The embodiment shown on FIG. 7 corresponds largely to that of FIGS. 2 to 6. However, here the outer electrode 18B, which iin the portion that in the Figure is the top portion of the outer electrode 18A of FIG. 2, comprises a tubular housing wall 46B which is held, along a likewise tubular section 114, extending axially beyond the rear side of the insulator 16B, by a mounting base 116. The insulator is fastened here within the tubular housing wall 46B by a circuitous stiffening corrugation 118 in its axial position and is not provided with fastening prolongations.
In the base 116 are provided introduction openings 120, 122 for an electric line, and connecting terminals 124, 126 for connecting two conductors of the electric line. These connecting terminals 124, 126 are each electrically connected, by way of a resilient and resting connection, to the section 114 extending axially beyond the rear side of the insulator, and to the third electrode 22. The connection between the connecting terminal 124 and the section 114 takes place by way of a spring 128 which rests in a groove of section 114. At least one of two resting springs 130, which are provided, is connected to the connecting terminal 126. The third electrode 22 is fastened, by means of an electrically conductive fastening element 132, constructed as a pin to the wiring plate 38B, on the rear side of the wiring plate facing away from the insulator, against which pin the springs 130 abut.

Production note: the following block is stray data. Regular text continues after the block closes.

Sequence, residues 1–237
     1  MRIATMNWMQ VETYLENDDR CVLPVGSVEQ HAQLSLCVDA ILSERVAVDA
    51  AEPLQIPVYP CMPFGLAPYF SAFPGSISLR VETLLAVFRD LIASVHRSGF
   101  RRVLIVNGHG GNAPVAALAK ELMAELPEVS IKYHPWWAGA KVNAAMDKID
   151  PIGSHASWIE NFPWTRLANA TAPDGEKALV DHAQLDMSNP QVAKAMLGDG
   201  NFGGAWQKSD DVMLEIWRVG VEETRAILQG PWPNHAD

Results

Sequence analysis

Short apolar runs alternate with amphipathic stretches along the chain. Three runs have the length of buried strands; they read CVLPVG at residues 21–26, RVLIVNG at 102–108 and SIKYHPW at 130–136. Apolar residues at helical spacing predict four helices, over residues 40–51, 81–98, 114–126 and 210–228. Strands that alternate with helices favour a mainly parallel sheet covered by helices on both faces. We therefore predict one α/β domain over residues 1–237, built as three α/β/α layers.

In the embodiment of FIG. 7, the signal transmitter circuit 28 is cast with a casting resin, that fills the space 44B, and simultaneously fastens the wiring plate to the rear of the insulator.